4) Ballscrews and Bearings.
5) Steppers.
6) Electronics & controller software. 3 choices Planet CNC USB, EMC2 or Mach3(4?) Need to do a feature/cost comparison Gut says Planet CNC as I need a BOB and the software was written to work specifically with their BOB, Head says Mach3 as it seems to be the most used and the little perverted Demon on my shoulder says EMC2, as it's about time I learnt about Linux!
7) Spindle - probably use my hand router to start cutting and pay for W/C jobby and the dedicated low speed one.
8) Additional software for modelling - going to start with the free stuff to get the feel of the machine.

Does this seem logical, are there changes I should make?

Another long post, so I'll stop here and wait for a while before adding any more.

Cheers,
Geoff.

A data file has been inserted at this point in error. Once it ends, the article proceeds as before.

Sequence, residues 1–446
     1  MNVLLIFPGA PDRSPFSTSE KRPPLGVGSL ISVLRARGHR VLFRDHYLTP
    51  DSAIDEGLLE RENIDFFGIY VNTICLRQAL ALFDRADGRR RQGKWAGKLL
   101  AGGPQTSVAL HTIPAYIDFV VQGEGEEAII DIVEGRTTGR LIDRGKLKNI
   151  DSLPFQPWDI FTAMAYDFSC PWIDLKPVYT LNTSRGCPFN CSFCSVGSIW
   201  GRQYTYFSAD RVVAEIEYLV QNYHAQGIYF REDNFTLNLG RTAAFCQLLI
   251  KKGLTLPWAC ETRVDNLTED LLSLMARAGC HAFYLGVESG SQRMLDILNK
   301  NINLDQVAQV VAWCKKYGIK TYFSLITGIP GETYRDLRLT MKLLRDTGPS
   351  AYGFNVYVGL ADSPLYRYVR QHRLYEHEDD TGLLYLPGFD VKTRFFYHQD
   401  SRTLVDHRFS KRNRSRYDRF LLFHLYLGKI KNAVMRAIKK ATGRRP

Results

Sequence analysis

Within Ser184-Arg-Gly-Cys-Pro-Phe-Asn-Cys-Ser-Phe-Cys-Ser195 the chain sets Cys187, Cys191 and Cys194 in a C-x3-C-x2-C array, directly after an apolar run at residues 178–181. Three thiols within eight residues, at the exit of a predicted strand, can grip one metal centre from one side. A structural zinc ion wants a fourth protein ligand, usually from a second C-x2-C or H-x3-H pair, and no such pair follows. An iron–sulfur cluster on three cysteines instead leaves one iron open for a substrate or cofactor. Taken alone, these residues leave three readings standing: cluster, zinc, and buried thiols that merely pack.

wilfy
17-09-2012, 06:49 PM
sorry i can't add much again, but what i will say is consider emailing the dude your getting the rails and screws off first for a price and pay outside of ebay, this way you will get a better price and while your at it get him to quote you to include and also not include the spindle.. chances are due to combined postage and a big order you may find yourself getting the spindle alot cheaper than anywhere else.. this is certainly my play when the time comes.

also i only just realised your building this machine to work on a boat.. thats just awesome in its own right.

expanding foam is also something i was considering for my build.. it's very cheap and i think it would go some way to take the ring out of the steel as it wouldnt have any air to resonate through the center of the box section

BikerAfloat
18-09-2012, 11:27 AM
sorry i can't add much again, but what i will say is consider emailing the dude your getting the rails and screws off first for a price and pay outside of ebay, this way you will get a better price and while your at it get him to quote you to include and also not include the spindle.. chances are due to combined postage and a big order you may find yourself getting the spindle alot cheaper than anywhere else.. this is certainly my play when the time comes.